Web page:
Official: No laws were violated

Courtesy illustration

By Sharna Johnson: CNJ staff writer

A quorum of Curry County commissioners dining with the executive director of Eastern Plains Council of Governments on Tuesday did not violate open government laws, Commissioner Dan Stoddard said.

Commissioners Stoddard, Caleb Chandler and Wendell Bostwick met at Eddie’s Subs and More on Main Street with Richard Arguello, interim director of EPCOG.

Freedom New Mexico Editor David Stevens received a telephone tip of the gathering and found the four at a table in the restaurant. When Stevens asked about the quorum — in the case of Curry County, a majority gathering of three or more commissioners — Chandler said they were not discussing any county business.

Arguello told Stevens, “We’re discussing my business,” but did not elaborate.

Curry County is a member of EPCOG, which assists government entities in seven local counties with infrastructure planning and economic development.

State law requires advance notice of a meeting anytime a quorum gathers to discuss public business.

The executive director of New Mexico’s Foundation for Open Government said she has concerns about the gathering.

“If they wanted to discuss something with (Arguello) they could have discussed it with him in the (earlier) already open meeting,” said Sarah Welsh, executive director of FOG.

Welsh said the need for transparency is critical and is the spirit behind open-government meeting laws. She said Tuesday’s lunch raises serious concerns about that process.

“It has the implication that people don’t know what their government is up to,” Welsh said.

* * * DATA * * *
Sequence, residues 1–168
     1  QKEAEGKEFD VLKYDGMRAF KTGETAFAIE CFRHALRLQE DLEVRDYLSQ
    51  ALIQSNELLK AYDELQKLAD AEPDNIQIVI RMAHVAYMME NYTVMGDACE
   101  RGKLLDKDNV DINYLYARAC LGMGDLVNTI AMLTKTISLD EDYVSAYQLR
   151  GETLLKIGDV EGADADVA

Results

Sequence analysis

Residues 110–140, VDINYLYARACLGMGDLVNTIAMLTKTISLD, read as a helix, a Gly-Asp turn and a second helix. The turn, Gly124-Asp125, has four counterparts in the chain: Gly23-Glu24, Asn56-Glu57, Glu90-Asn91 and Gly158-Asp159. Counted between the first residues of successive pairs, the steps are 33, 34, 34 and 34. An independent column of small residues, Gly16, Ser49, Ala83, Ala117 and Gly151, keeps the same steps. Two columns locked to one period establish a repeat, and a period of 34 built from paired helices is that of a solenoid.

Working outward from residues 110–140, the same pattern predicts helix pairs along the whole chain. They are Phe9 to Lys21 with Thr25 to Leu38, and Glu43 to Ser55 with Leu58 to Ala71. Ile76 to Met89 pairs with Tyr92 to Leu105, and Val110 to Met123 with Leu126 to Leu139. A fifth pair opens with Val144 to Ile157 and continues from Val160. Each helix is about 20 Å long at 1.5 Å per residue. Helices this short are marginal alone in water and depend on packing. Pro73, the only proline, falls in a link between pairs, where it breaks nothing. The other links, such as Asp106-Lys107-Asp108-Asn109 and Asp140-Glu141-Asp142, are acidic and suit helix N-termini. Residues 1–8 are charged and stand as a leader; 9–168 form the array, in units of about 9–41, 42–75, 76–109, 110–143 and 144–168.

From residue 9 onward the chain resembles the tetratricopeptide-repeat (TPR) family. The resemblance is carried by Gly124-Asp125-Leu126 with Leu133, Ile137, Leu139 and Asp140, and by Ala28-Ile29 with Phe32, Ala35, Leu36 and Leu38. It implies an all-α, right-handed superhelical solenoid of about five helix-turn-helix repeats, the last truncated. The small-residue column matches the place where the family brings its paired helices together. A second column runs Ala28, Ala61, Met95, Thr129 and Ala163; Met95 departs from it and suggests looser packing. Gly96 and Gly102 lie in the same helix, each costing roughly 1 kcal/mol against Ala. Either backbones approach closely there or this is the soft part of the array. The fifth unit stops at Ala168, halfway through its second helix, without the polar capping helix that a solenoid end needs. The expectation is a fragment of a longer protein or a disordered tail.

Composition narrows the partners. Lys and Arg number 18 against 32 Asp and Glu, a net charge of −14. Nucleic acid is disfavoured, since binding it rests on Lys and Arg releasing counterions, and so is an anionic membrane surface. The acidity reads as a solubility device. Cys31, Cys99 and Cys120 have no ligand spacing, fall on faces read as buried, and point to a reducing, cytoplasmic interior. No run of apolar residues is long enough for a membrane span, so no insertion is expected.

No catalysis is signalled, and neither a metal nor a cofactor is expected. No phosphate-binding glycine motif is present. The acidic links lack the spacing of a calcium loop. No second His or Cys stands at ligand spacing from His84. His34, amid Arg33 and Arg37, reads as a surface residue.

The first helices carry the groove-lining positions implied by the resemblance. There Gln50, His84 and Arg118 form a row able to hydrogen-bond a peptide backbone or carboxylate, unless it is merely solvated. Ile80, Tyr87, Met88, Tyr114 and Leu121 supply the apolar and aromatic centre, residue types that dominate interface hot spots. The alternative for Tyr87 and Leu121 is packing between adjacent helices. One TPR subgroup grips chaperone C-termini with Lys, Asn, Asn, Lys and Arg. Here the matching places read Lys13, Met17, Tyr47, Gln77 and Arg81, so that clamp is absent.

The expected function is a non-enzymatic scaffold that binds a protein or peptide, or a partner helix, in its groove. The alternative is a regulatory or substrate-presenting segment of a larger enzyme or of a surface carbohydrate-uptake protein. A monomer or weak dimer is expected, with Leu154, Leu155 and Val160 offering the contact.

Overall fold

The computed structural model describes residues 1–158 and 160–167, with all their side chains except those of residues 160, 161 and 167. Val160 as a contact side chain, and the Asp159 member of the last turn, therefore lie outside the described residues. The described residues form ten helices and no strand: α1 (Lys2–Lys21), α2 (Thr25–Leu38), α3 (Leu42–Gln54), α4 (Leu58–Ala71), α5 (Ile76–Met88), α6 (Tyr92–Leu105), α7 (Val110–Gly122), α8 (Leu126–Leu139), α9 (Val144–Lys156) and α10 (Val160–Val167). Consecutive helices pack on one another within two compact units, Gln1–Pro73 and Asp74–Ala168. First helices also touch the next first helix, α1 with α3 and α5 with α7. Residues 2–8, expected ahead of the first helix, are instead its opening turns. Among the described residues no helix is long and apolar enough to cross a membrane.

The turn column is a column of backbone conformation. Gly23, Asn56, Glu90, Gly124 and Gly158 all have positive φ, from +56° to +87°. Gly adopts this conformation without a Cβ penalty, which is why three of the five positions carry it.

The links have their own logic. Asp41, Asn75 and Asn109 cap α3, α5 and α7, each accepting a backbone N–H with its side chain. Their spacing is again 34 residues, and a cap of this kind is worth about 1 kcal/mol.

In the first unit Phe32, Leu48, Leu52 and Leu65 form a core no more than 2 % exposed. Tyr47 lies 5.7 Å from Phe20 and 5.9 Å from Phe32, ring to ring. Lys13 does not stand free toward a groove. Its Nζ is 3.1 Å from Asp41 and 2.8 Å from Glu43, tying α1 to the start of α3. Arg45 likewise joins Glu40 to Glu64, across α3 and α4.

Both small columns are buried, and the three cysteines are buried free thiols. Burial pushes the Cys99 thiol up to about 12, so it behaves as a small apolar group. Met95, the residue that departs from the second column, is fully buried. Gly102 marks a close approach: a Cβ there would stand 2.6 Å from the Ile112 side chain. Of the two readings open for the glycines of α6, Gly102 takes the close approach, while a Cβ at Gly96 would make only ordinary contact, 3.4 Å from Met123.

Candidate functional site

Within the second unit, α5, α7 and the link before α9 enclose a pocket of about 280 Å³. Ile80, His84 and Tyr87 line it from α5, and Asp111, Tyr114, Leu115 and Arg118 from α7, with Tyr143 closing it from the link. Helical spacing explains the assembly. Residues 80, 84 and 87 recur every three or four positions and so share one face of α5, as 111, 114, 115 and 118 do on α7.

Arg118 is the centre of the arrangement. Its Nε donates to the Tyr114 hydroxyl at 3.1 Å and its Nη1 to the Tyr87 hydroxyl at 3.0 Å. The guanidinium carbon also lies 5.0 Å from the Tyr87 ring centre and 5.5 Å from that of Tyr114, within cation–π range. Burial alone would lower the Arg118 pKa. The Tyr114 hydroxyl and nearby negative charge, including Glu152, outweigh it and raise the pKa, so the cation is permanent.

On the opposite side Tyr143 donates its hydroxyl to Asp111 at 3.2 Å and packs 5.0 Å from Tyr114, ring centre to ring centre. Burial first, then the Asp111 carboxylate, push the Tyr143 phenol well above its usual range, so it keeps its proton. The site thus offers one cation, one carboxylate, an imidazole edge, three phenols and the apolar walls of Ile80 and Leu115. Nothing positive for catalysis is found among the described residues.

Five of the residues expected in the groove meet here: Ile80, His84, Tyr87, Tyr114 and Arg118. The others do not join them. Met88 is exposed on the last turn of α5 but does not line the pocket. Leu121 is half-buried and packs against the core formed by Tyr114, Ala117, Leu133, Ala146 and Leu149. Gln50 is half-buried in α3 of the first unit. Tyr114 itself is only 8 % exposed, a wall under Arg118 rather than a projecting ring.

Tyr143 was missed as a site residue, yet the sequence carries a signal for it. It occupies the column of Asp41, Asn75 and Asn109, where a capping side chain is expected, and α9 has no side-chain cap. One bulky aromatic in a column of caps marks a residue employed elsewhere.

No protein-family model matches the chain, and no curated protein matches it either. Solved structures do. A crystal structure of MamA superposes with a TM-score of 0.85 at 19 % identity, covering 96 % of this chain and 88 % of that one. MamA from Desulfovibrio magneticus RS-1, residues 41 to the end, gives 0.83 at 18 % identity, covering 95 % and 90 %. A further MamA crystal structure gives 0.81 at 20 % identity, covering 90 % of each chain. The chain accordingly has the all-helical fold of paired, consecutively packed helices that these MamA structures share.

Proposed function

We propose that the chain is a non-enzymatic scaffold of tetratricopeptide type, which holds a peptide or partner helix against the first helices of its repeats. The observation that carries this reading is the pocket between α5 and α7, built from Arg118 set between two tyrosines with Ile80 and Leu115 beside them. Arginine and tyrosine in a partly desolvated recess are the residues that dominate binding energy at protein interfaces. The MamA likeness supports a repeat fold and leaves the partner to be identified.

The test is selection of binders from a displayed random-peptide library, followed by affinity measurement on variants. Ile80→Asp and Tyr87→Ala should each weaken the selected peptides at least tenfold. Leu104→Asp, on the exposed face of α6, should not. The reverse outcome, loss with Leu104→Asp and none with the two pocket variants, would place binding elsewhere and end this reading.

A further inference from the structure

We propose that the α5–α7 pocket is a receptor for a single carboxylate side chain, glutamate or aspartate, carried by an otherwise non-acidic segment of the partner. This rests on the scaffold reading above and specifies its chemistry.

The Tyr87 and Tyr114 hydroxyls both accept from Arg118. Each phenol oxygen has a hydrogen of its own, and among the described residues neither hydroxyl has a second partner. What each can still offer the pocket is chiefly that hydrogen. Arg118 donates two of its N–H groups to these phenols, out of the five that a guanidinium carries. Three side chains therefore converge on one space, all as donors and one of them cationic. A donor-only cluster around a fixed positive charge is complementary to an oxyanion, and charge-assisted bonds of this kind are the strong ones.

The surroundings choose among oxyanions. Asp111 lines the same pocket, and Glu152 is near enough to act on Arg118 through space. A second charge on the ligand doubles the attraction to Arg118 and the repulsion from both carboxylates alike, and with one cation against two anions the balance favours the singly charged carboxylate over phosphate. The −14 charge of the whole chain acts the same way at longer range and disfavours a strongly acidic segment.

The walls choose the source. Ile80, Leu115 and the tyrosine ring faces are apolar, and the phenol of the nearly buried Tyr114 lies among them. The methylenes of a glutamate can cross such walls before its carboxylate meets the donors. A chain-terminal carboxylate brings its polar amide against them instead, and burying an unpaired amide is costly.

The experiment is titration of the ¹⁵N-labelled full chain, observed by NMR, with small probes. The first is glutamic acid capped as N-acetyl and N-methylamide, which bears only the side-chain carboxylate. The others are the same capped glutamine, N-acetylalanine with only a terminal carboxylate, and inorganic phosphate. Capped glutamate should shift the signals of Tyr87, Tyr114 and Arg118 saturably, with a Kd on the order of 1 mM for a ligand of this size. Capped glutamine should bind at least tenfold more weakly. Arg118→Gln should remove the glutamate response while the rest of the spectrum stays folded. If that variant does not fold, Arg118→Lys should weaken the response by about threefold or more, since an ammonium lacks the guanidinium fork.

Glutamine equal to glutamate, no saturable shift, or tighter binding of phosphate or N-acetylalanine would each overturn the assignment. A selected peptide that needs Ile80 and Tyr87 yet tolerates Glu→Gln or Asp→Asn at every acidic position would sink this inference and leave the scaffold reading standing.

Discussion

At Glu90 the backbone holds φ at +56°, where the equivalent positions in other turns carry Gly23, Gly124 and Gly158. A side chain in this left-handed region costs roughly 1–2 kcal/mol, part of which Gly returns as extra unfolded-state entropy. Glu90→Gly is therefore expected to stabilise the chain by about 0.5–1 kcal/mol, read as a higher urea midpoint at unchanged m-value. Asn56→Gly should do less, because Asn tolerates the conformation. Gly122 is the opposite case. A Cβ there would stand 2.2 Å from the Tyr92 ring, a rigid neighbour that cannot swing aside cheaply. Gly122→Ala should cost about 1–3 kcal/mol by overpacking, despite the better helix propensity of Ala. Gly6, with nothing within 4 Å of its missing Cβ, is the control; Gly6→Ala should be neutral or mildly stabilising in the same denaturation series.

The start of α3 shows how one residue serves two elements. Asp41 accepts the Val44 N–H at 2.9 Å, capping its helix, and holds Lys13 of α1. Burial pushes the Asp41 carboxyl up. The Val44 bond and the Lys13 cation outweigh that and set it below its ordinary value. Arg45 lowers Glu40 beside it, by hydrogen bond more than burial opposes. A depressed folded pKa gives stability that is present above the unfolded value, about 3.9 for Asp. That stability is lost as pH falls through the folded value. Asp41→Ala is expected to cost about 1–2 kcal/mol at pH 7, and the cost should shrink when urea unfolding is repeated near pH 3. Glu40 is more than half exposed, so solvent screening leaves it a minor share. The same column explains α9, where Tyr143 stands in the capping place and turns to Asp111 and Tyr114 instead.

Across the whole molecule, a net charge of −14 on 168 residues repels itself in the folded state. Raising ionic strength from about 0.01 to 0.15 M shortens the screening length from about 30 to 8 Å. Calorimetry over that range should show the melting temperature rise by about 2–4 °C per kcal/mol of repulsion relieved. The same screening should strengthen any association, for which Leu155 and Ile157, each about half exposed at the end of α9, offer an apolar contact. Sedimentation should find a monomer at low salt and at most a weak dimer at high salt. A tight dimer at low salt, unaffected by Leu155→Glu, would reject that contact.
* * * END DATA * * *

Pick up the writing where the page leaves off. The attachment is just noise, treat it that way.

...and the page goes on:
Curry County commissioners held a scheduled meeting on Tuesday morning. The lunch was not listed on Tuesday’s meeting agenda, nor was it announced at the meeting.

But Stoddard said the lunch fell within guidelines set by an open meetings resolution the Commission adopted in January.

The resolution, titled, “Compliance with the New Mexico Open Meetings Act,” states, “during any meeting or after, the Board may adjourn for the purpose of lunch or dinner.”

Stoddard said while the lunch was not about county matters, the public was welcome to join them.

Bostwick said the conversation was casual, with discussion about an upcoming fundraiser hosted by Clovis Mayor Gayla Brumfield and issues in Arguello’s native community of Clayton.

Chandler did not return calls from a reporter seeking comment Tuesday. Arguello could not be reached for comment Tuesday night.

County Commissioner Bobby Sandoval said he declined an invitation to Tuesday’s lunch.

“I try to stay away from any implication of impropriety,” Sandoval said.

“At the same time, in my opinion, there is nothing wrong with friends getting together for lunch as long as the Open Meetings Act is observed. … There is no law against the appearance of impropriety.”

Sandoval said he has had lunch with a quorum of commissioners at least one time, but does not join them often. “I am the kind of person who worries about things like that (appearance of impropriety),” he said.

Commission Chairman Frank Blackburn said he was surprised to learn of Tuesday’s lunch gathering between commissioners.

“I’m unaware of this … I was not invited,” Blackburn said.

Blackburn said he avoids quorum situations outside of open meetings and would not have attended the lunch if he’d been invited.

On the Web

New Mexico Attorney General’s guides on the Open Meetings Act: